Luke 6:1-5 describes how once when Jesus and His disciples were walking through grain fields on a Sabbath, some of His disciples plucked and ate some heads of grain.
Some Pharisees considered plucking grain on the Sabbath as forbidden work and challenged Jesus on the matter. The penalty for profaning the Sabbath was death (Exodus 31:14), so this was a pretty serious charge made against Jesus’ disciples by the Pharisees.
Jesus defended the actions of His disciples by telling the Pharisees that He was Lord of the Sabbath (vs. 5). In Mark’s record of this incident Jesus tells the Pharisees that the Sabbath was made for man, not man for the Sabbath (Mark 2:27).
In another Sabbath-breaking episode recorded in the following verses (Luke 6:6-11), Jesus was teaching in a synagogue on the Sabbath and healed a man with a withered hand much to the chagrin of the Pharisees.
This time Jesus defended His actions by asking if it was wrong to do a good deed or to save someone’s life on the Sabbath.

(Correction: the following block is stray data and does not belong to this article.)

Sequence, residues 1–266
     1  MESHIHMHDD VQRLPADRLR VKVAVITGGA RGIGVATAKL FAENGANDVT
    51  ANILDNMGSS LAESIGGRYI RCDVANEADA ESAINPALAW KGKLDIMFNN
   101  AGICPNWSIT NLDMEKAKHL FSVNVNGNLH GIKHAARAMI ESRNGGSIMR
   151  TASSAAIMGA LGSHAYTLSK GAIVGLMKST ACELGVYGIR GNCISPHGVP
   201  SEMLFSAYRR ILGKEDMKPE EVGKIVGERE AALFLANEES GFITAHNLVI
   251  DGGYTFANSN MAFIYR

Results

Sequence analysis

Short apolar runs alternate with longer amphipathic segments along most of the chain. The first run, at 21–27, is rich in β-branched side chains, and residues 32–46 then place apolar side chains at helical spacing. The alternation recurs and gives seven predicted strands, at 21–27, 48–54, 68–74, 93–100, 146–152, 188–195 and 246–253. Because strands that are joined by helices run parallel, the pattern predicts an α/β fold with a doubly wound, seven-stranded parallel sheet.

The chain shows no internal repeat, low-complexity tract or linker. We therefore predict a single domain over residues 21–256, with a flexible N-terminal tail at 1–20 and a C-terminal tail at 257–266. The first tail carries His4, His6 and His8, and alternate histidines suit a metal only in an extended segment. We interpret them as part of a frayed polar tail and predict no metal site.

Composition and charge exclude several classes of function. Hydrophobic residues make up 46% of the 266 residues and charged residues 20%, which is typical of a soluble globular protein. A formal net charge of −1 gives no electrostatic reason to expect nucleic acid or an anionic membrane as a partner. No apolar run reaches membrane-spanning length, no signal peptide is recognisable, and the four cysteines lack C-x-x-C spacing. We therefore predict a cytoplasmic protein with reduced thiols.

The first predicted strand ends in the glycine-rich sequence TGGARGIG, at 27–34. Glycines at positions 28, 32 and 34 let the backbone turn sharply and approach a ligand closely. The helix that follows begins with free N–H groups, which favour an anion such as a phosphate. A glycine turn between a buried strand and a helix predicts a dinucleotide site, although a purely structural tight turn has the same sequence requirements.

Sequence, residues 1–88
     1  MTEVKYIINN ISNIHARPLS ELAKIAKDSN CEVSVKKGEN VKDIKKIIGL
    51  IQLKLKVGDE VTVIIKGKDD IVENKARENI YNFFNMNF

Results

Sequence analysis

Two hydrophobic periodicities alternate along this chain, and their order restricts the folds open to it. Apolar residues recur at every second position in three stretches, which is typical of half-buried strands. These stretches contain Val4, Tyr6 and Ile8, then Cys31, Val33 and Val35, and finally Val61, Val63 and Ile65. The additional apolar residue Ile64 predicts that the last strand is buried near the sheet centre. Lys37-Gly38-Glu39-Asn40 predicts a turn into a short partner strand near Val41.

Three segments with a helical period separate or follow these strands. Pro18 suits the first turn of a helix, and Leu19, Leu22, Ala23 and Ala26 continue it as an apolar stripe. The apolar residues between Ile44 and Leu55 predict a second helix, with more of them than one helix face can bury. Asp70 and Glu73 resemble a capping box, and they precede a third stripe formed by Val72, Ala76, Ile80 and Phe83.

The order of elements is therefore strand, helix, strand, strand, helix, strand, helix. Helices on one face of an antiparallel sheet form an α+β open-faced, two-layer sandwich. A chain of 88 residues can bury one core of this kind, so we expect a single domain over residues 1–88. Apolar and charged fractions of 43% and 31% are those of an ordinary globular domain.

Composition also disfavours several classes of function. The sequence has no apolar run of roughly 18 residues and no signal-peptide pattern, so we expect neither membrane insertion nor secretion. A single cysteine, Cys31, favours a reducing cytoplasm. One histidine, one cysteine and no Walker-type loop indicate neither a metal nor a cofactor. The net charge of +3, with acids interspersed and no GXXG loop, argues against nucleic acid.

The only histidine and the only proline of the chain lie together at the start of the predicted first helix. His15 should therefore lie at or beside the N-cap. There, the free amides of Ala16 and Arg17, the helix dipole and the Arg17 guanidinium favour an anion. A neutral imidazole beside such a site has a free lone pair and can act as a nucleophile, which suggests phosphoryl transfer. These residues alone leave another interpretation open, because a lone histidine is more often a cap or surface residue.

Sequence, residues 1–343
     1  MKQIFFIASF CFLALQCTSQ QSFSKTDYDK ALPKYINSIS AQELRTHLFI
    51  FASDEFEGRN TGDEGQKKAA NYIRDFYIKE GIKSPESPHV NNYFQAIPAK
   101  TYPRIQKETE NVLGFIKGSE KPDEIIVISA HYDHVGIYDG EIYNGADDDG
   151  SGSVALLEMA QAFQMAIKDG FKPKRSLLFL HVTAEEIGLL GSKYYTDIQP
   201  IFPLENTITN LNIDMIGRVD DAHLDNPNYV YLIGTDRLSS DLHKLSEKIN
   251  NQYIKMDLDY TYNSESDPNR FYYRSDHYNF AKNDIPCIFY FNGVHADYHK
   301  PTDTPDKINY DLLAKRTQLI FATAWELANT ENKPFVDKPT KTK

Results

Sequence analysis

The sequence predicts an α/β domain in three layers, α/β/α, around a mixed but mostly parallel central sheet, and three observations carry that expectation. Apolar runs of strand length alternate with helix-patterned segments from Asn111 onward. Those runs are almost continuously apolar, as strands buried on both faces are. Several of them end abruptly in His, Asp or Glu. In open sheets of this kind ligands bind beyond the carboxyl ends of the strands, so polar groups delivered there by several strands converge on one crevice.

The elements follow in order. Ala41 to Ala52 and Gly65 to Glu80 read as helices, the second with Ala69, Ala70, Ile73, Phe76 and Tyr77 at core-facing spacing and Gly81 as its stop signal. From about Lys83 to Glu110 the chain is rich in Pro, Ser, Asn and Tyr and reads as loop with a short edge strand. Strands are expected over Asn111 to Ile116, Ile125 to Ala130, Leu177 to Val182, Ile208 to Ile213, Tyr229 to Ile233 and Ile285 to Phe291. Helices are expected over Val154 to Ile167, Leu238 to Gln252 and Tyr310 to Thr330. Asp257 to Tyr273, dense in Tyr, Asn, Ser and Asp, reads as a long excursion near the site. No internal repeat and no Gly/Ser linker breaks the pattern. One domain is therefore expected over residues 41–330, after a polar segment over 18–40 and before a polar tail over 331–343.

Does God ask us to reject our humanity in order to serve Him? Absolutely not!
And that’s the point that Jesus tries to make to the Pharisees in both of these Sabbath controversies.
Sometimes in our zeal to serve God, we subvert God’s grace by wielding God’s law.
We have a need to observe the letter of the law rather than the spirit of the law, and make sure others do likewise. And when they don’t, we want justice not mercy!
What’s more important, knowing the rules of our religion or knowing God?
Don’t choose religion over a relationship with Jesus.
“In order that I may gain Christ and be found in him, not having a righteousness of my own that comes from the law, but that which comes through faith in Christ, the righteousness from God that depends on faith— that I may know him and the power of his resurrection…” (Philippians 3:9-10, ESV)
- 15 Reasons Why You Might be a Pharisee (mtsweat.com)